We are a week and about two thousand miles from home and I’m sure, as we travel, every day we learn something.
First; we re-learned we shouldn’t gamble. Ever!
We were parked at the lovely Gold Eagle Casino at North Battleford Saskatchewan. We thought we would brave the Thanksgiving Day crowds and try our hand at winning a few grand.. We put $5 in the first empty machine we found (we obviously missed that important clue) and I swear, in last then 60 seconds (OK, maybe it was 90) we were down to just 6 cents.
Lesson #2 is quite different: I took the picture of the grain and the sunrise because I thought it was a neat picture and perhaps someday would be the basis for a “Mar” painting. Only later, from good friends Glen & Myrna whom we visited in Altona, did I learn that the “grain” is actually corn, still in the fields because they want it to dry before they take it to near by Gimli for milling . After milling it will be distilled and become Canadian Rye whiskey, possibly Crown Royal.
Isn’t this amazing? Almost everything I touch turns into a story about booze.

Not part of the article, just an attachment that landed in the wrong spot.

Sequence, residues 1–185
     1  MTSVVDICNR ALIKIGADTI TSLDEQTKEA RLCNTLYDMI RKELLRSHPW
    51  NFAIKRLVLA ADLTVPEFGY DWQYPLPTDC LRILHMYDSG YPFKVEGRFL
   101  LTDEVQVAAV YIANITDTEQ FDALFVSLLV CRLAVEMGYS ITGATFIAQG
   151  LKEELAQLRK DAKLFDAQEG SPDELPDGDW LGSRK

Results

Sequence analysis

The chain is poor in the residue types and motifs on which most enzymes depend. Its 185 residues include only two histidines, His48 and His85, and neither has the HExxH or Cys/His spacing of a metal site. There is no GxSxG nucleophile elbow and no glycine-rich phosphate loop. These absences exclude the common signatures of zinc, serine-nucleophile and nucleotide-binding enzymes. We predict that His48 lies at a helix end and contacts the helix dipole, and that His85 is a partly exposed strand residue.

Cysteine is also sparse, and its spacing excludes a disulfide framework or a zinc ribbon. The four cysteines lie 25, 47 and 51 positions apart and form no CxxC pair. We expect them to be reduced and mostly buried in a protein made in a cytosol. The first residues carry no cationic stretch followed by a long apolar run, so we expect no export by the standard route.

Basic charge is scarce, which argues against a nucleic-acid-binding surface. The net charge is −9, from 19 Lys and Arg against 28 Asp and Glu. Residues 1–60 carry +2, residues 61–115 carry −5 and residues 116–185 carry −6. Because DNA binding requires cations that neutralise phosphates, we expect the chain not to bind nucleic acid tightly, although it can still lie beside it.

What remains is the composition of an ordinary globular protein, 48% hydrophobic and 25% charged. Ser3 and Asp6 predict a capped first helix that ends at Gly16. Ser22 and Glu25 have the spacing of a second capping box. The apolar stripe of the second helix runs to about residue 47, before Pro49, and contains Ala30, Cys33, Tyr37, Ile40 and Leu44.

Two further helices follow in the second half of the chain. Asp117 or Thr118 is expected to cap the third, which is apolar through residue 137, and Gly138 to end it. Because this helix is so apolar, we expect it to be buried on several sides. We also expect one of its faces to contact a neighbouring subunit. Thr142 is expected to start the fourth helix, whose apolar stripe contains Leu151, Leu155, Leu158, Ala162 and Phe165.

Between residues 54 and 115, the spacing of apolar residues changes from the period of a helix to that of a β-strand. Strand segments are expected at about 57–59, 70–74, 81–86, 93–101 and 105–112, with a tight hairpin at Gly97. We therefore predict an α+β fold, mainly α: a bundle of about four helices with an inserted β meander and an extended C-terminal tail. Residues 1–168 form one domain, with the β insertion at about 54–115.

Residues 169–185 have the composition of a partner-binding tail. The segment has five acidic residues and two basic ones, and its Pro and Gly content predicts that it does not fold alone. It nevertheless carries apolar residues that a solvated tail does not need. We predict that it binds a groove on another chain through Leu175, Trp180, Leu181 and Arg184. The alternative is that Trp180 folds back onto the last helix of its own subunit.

Not this next one though:
Read the name on the toilet. Is this really where baby food actually comes from? I admit that I sampled the stuff a couple of times when the kids were on it and while I was less than impressed with the taste and mouth feel of the stuff, I never once thought that this is where it comes from.
Maybe the “taste” in that story is more about a lack of taste when discussing the author. So here’s a better story for you. First of all, it’s all true and it’s educational and there’s not a word about liquor until the very end.
Last year, on our first trip with this coach, while some days I could get the fuel mileage up to 9 or 10 for an hour or so, most of the time as we rolled down the highway at 65 to 75 mph, we were getting less than 8 miles per gallon. In fact, the computer says that since new our house has averaged only 7.3 mpg over almost 40,000 miles.
Anyway, this year I decided I was going to work on that mileage. This year, maximum speed is about 63 mph and where ever possible (you don’t worry about fuel economy coming though Chicago, you too worried about getting out of that town alive) I am keeping the tach under 1500 rpm.
We still have the days in the mountains and the days fighting a head wind but those days excepted, we are averaging more like 9.5 mpg. Impressive eh? What it means is that on a typical day our house burns 4 or 5 gallons less diesel than it did last year and at close to four dollars a gallon (more in Canada), that’s a substantial savings on fuel costs.
What I learned here is that with all the money we’re saving on fuel I can go back to buying the good beer again.
Speaking of mileage; I’ll bet our house gets better mileage than this guy’s house.